Op/Ed: Spider-Man Brand New Day - Seven Months Later, II
Op/Ed: Brand New Day, 7 Months Later, II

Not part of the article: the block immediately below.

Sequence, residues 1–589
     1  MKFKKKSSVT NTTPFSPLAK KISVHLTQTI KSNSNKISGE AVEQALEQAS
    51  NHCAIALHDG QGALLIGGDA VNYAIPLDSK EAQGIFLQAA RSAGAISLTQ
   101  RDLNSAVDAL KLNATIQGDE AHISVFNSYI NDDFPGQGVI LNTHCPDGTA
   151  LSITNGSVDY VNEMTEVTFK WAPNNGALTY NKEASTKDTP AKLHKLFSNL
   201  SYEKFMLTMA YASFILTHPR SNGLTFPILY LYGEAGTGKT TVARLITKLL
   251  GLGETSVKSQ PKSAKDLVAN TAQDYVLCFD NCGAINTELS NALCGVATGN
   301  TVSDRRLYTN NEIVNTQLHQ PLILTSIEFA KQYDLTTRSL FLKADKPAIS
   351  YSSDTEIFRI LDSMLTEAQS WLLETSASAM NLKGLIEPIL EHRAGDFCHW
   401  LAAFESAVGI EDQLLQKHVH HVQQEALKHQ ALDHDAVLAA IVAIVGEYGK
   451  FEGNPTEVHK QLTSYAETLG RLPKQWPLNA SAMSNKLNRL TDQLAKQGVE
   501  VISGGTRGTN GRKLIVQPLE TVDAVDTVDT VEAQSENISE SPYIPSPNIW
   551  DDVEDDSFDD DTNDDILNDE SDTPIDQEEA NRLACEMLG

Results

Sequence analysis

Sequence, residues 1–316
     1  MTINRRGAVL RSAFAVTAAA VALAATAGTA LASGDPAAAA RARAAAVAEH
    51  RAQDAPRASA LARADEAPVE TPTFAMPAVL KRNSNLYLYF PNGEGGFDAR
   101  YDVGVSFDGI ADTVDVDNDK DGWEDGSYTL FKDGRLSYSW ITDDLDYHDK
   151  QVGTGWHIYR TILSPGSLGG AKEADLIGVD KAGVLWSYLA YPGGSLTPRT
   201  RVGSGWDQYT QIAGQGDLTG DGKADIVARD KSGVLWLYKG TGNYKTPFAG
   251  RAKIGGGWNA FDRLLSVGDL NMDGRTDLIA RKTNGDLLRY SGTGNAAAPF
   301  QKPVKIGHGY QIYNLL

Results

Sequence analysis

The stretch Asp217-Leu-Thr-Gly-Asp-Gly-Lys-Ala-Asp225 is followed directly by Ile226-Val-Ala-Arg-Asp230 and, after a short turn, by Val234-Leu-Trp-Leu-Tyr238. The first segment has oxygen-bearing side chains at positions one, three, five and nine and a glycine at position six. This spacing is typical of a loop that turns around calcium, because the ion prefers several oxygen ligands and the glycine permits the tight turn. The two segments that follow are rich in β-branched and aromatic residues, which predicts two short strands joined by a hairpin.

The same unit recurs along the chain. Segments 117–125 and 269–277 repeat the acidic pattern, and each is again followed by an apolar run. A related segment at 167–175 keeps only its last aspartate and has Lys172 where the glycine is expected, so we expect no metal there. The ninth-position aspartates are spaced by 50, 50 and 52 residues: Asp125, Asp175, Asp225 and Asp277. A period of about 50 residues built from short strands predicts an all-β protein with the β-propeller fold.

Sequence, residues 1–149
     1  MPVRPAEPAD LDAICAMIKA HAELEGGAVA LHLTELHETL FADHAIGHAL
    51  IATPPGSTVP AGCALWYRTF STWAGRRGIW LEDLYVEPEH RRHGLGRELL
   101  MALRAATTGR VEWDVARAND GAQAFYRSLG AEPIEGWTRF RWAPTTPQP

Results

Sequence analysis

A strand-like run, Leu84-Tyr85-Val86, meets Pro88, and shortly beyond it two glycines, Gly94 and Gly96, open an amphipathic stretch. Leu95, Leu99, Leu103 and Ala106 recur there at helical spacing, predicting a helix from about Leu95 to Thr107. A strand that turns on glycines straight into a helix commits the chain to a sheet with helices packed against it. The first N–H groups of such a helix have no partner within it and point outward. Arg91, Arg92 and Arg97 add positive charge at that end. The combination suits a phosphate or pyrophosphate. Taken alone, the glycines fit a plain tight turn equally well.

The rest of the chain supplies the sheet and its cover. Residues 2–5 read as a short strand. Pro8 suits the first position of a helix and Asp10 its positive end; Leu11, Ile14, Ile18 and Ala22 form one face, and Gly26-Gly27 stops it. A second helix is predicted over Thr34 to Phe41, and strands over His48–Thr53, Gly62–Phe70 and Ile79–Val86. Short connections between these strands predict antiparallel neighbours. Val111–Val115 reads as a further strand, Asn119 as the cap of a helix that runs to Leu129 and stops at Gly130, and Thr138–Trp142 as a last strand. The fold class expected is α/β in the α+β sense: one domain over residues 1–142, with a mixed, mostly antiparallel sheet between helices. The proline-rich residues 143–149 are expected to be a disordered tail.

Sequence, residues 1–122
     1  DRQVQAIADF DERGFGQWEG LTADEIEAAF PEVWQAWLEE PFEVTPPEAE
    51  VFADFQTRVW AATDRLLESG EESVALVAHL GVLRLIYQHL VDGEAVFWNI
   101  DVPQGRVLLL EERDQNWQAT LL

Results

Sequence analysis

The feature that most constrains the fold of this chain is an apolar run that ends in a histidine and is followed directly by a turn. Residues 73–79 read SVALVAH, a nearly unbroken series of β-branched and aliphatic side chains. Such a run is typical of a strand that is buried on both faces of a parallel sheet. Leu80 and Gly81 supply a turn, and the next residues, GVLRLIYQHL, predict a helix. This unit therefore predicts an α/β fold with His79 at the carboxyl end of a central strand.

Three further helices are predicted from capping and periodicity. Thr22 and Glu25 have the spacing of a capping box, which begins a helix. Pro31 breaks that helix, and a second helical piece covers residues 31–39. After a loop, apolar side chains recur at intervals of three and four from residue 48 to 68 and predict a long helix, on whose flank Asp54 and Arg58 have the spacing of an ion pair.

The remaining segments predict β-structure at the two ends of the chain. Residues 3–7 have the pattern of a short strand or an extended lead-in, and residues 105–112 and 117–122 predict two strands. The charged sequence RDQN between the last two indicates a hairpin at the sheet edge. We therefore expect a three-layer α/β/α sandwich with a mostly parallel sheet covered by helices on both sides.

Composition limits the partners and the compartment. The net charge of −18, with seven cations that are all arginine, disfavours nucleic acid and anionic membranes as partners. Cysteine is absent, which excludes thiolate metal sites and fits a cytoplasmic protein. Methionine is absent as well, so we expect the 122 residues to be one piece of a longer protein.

As we noted yesterday, it's been about seven months since Marvel relaunched Amazing Spider-Man as a three times a month series, with its stories reflecting a host of changes under the larger title, "Brand New Day." The changes rocked long-time Spider-Man fans: Peter Parker and Mary Jane, married for over 20 years, now no longer remembered their marriage; Harry Osborn (formerly dead) was back from an extended trip to Europe; other changes rippled through the supporting cast, and perhaps the biggest change of all - no one know that Peter Parker was Spider-Man.Yes, the changes were controversial...which, given the volume of responses to the first overview of "Brand New Day" piece seems rather unnecessary to point out. Yesterday, Newsarama writer Mike San Giacomo gave his view of "Brand New Day" as a long-time Spider-Man fan who has now found the title unreadable. Today, regular Newsarama contributor Mike Avila offers up his view as a reader who now finds Amazing Spider-Man readable for the first time in years. by Mike Avila For the first time in years, a Wednesday trip to my LCS is again part of my regular routine. Why is that? Well, for the same reason my colleague Mike San Giacomo has adjusted his pull list. “Brand New Day.” The retooling of Spider-Man has been like a breath of fresh – and lighthearted – air for this lapsed comics fan. Full disclosure: I haven’t regularly read any Spider-title (outside of Ultimate Spider-Man TPBs) in years. For most of the past decade I’ve been mainly a lurker at comic shops, browsing the racks while I picked up collections of older stories. Every time I’d flip through a copy of Amazing I was completely lost. What had I missed? MJ and Pete are separated? Totemic forces?? Aunt May knows Peter’s Spider-Man? What in the name of Flash Thompson is going on here?!?! It was too much. 40 years of compiled, convoluted continuity can be very intimidating. So I would always put the comic back and return to the friendly confines of a Marvel Masterworks edition. BND gave me a chance to jump back into the pool and not have to give myself a sidesplitting headache wondering about everything I’d missed. I could pick up an issue and enjoy a well-crafted comic without having to hit the message boards or buy a handful of back issues to feel caught up. Spidey’s fighting new villains, dealing with new characters (Carlie, cops Vin & Al, the hilariously obnoxious Dexter Bennett), familiar faces are back in the fold (welcome back Betty!) and still struggling with the good ‘ole Parker Luck. Spider-Man’s supporting cast has always been a highlight for me, when done right. Steve Wacker and Tom Brevoort seem to have their team focused on that goal, because watching the interaction at the DB or between Peter and Harry and Carlie has been a treat. I don’t get how these stories can feel like throwaways, or “What If?” tales to San Giacomo. And I couldn’t disagree more with his observation that the writing feels lazy. I’m actually shocked the stories have been as consistently funny and true to character with several different writers working on the book. Mike also mentioned the stories felt like the ‘80s to him. Considering Roger Stern’s on Amazing produced some incredible stories, as did David Michelinie’s, BND could do a lot worse than evoke memories of that era. Look, I understand the anger from longtime readers who feel cheated by “One More Day.” I wasn’t crazy with the Mephisto solution either. Joe Quesada knew the outrage was coming, too. When I asked him to tell me what MJ whispered to Mephisto, he joked, “This is really going to piss off the fanboys.” Turning serious, Quesada told me earlier this week that while he knew OMD would be controversial, but that the end ultimately justified the means. “…We knew that eventually it’s a subject matter that Marvel would have had to deal with somewhere down the road whether that be during my tenure or the next or the one after that,” Quesada said in an email exchange. The sad fact we all know is that comics readership is shrinking, which is bitterly ironic considering how popular comic book movies are these days. One reason publishers haven’t been able to take advantage of the mainstream media exposure to find new readers is no one likes to be late to the party. And with too many of the big-name heroes, there’s too much backstory to catch up, and as a result, potential new readers often say, ‘why bother?’ OMD wasn’t about Spidey this month or next. It’s about Spidey five years down the road and beyond. “We wouldn’t have gone through this if we didn’t feel this was the best track for the future and longevity of the character,” Marvel’s Editor-in-Chief explained. By taking a step back, Spider-Man has been given a new lease on life. It brought me back into the fold, and I’m not even who they were trying to hook with the new approach. As for the dissolution of Peter and MJ’s marriage, Joe Q.’s feelings about it are well known. And he’s right. Peter Parker is a more interesting character as a single guy. As a Marvel Zombie from the time I was five years old (I’m 37 now), I didn’t always feel that way. I remember reading Pete getting shot down by MJ the first time he proposed to her, and I remember when they were finally married in 1987, I was giddy as a schoolgirl reading that annual. But ever since then, I think Marvel has felt like Robert Redford at the end of The Candidate, when he asks, ‘What do we do now?’ No one at the House of Ideas had any idea where to take them from there. The romantic tension was gone, the flame of young love extinguished. The worst fate imaginable had befallen my favorite comics couple – they had become boring. It’s why TV shows like Moonlighting, Anything But Love, The O.C. and a hundred other shows always drag out relationships before consummation. Because once it happens…pffft. There goes the spark, as well as the audience’s interest because what’s kept them around all this time – will they or won’t they? – is gone. Same thing happened with Peter and MJ. You know what else happened? Peter Parker got old. At least he felt that way to me. Married, and a job as a teacher. A TEACHER?!? I’m getting older too, but I don’t want my heroes growing old with me. I want them forever young. Not running in place like the Archie gang, but aging more…patiently. Spider-Man is a character every generation’s youngsters should be able to identify with. And I know Ultimate and Marvel Adventures are out there, but Amazing is the mothership, the standard bearer. This is the title people should be able to turn to, if they want to meet the greatest character in comics. As to the continuity questions, specifically, what happened in-between OMD and BND? Like just about everyone else, I’m curious as to what happened. Marvel says a plan has been in place from the start to provide those answers, but they wanted time for the dust to settle before doing so. As Joe Q. put it, “we wanted to let the new status quo breathe for a while and not deal with the bookkeeping right off the bat.“ He added that most of the big questions would have answers this time next year in “Amazing.” And sorry Mike, Marvel has no Skrulls stashed in the closet to change course on this storyline, no shower scene planned where Peter pulls a Bobby Ewing and wakes up from a really wild, really detailed dream. This is Spidey’s road to travel, like it or not. I happen to like it.